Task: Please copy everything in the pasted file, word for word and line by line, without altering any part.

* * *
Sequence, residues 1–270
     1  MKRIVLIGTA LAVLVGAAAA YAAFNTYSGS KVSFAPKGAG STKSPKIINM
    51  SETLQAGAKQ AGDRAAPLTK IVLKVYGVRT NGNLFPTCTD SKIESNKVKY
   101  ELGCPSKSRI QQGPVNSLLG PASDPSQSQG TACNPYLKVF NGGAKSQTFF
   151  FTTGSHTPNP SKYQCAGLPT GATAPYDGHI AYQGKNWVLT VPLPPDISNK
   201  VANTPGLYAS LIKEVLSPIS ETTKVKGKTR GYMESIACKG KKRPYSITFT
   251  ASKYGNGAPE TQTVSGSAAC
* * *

Sequence, residues 1–270
     1  MKRIVLIGTA LAVLVGAAAA YAAFNTYSGS KVSFAPKGAG STKSPKIINM
    51  SETLQAGAKQ AGDRAAPLTK IVLKVYGVRT NGNLFPTCTD SKIESNKVKY
   101  ELGCPSKSRI QQGPVNSLLG PASDPSQSQG TACNPYLKVF NGGAKSQTFF
   151  FTTGSHTPNP SKYQCAGLPT GATAPYDGHI AYQGKNWVLT VPLPPDISNK
   201  VANTPGLYAS LIKEVLSPIS ETTKVKGKTR GYMESIACKG KKRPYSITFT
   251  ASKYGNGAPE TQTVSGSAAC